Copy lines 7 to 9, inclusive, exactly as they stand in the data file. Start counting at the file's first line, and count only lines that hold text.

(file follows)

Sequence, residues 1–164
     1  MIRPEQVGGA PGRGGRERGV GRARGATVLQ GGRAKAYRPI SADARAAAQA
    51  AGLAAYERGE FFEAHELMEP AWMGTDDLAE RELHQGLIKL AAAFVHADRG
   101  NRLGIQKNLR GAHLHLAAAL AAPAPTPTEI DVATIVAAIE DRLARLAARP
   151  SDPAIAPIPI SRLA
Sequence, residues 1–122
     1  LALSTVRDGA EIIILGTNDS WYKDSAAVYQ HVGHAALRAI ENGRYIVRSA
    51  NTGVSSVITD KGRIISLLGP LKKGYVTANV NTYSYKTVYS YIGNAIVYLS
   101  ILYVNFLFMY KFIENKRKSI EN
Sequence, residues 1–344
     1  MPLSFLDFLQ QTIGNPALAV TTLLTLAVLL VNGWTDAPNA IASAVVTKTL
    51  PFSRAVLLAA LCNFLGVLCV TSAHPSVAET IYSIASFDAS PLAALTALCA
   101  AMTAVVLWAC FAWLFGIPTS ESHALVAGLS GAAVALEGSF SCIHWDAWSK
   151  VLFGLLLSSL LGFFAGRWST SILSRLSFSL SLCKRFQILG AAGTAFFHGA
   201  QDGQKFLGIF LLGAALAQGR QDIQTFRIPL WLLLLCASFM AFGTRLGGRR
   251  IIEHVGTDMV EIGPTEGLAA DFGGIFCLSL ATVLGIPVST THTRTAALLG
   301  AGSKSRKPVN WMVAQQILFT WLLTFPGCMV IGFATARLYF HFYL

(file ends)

     1  LALSTVRDGA EIIILGTNDS WYKDSAAVYQ HVGHAALRAI ENGRYIVRSA
    51  NTGVSSVITD KGRIISLLGP LKKGYVTANV NTYSYKTVYS YIGNAIVYLS
   101  ILYVNFLFMY KFIENKRKSI EN